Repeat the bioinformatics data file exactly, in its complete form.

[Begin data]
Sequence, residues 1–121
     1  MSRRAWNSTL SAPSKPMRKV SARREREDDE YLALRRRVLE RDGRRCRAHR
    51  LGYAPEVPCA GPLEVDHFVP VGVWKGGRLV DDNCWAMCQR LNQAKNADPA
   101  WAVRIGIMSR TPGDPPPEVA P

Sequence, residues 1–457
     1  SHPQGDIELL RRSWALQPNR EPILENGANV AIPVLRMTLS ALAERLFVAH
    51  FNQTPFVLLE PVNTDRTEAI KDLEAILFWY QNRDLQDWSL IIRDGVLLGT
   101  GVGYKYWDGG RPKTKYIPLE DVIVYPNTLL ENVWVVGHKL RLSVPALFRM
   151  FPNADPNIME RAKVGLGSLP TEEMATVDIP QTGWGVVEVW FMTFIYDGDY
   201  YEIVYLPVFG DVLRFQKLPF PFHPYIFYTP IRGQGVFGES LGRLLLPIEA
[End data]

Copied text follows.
Sequence, residues 1–121
     1  MSRRAWNSTL SAPSKPMRKV SARREREDDE YLALRRRVLE RDGRRCRAHR
    51  LGYAPEVPCA GPLEVDHFVP VGVWKGGRLV DDNCWAMCQR LNQAKNADPA
   101  WAVRIGIMSR TPGDPPPEVA P

Sequence, residues 1–457
     1  SHPQGDIELL RRSWALQPNR EPILENGANV AIPVLRMTLS ALAERLFVAH
    51  FNQTPFVLLE PVNTDRTEAI KDLEAILFWY QNRDLQDWSL IIRDGVLLGT
   101  GVGYKYWDGG RPKTKYIPLE DVIVYPNTLL ENVWVVGHKL RLSVPALFRM
   151  FPNADPNIME RAKVGLGSLP TEEMATVDIP QTGWGVVEVW FMTFIYDGDY
   201  YEIVYLPVFG DVLRFQKLPF PFHPYIFYTP IRGQGVFGES LGRLLLPIEA